We say it so often, it’s become a cliché in our profession. But phrases don’t get repeated often enough to become clichés without containing a kernel of truth. Actually, considering the current resuscitation literature, perhaps it is time for a new cliché—EMTs save lives, paramedics just take the credit.
In the Ontario Prehospital Advanced Life Support (OPALS) study, the most extensive study conducted of the efficacy of prehospital ALS to date, researchers demonstrated that the addition of ALS interventions does not improve survival to hospital discharge when compared to the care provided by an AED-equipped EMT.1
While the OPALS data did demonstrate reduction in morbidity in some of the patients treated with ALS—namely diabetics, respiratory emergencies and acute coronary syndromes—of all the interventions performed in cardiac arrest resuscitation, the only two proven to improve outcomes—early defibrillation and uninterrupted chest compressions—are BLS interventions.
Indeed, some studies seem to indicate endotracheal intubation, an intervention many paramedics identify as a defining part of their skill set, may even worsen outcomes,2,3 particularly if we place a higher priority on it than uninterrupted chest compressions.4
However, a more recent study of 10,455 adult out-of-hospital cardiac arrest patients compared outcomes between those who received successful supraglottic airway insertion or successful endotracheal intubation and found that endotracheal intubation was associated with improved outcomes over supraglottic airway insertion. However, the authors also noted higher survival among patients not receiving any successful advanced airway placement.5 It’s clear that uninterrupted chest compressions are of greater significance than intubation.
In recent years, CPAP has proven itself as one of the more effective tools in the prehospital arsenal. Most states consider it a BLS intervention, and perversely, its success at stabilizing CHF and pulmonary edema patients has resulted in even fewer opportunities for paramedics to perform endotracheal intubation.
Still, absence of evidence does not mean evidence of absence. There may yet be studies that demonstrate the value of the skills we perform as paramedics.6 Until that time comes, we must rely on the proven value of our BLS skills and, by extension, our EMT partners and colleagues. One experienced paramedic working in a tiered response system in New England describes himself as a “stand-back, big-picture, non-interventional paramedic” on EMS scenes, not because he is lazy, but because he recognizes most EMS calls need only the BLS interventions provided by the EMTs in his system, and of the few ALS interventions necessary, most can be performed en route to the emergency department.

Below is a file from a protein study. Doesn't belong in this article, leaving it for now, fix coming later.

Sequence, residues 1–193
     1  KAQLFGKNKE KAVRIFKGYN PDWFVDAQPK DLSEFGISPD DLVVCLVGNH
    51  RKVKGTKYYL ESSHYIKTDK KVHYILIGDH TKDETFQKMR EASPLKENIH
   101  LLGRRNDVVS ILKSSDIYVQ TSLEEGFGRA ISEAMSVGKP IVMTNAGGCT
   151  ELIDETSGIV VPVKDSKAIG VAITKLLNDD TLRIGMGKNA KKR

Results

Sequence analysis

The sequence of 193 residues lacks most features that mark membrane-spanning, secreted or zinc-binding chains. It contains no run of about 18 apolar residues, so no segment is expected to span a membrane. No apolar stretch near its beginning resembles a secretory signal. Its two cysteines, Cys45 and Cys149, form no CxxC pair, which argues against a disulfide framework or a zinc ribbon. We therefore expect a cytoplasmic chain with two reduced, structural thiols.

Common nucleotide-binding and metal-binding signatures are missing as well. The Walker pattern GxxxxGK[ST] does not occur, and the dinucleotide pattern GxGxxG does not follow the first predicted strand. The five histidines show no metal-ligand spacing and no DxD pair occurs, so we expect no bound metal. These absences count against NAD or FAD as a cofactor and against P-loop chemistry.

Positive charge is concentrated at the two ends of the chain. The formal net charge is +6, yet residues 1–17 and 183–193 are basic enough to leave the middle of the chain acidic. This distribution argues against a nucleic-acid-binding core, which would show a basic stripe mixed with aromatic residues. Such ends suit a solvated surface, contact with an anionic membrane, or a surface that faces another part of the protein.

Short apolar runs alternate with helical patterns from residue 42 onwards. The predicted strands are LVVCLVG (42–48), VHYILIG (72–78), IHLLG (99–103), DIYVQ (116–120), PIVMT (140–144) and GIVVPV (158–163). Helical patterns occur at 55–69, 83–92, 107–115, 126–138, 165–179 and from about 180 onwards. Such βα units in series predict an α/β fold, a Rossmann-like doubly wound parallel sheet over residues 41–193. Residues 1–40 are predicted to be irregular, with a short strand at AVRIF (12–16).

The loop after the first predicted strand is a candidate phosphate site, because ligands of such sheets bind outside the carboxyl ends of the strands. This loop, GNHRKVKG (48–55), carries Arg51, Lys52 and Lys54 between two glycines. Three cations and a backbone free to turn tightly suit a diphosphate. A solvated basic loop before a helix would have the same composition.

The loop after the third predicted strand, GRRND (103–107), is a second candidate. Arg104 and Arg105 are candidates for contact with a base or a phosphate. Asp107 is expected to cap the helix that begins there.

While paramedic school may provide you with the skills and knowledge to be a competent ALS provider, many programs fail at teaching effective leadership. While it would be nice if every newly minted paramedic were mentored by a seasoned paramedic partner, the reality is many are assigned an EMT partner and thrown to the wolves, barely competent to make their own decisions, much less direct the actions of another EMT.
The remainder of this article will explore strategies to allow the new paramedic to make effective use of an EMT partner, including knowing how to recognize those times when the EMT might just save the paramedic.
Communication Is Key
The hardest thing to work out with a new partner, and the one most crucial to a smoothly run call, is scene choreography. The only way to make sure both members of the crew perform the right dance steps is through open communication, and the first step is to develop the habit of thinking out loud.
Lay out your treatment plan on the way to the call. Brainstorm likely scenarios, and define what each of your roles will be. Plan what assessments and interventions you will do on the scene, and which you will do en route to the ED. Obviously, no plan survives first patient contact wholly intact, but at least you’ll have a starting point for care.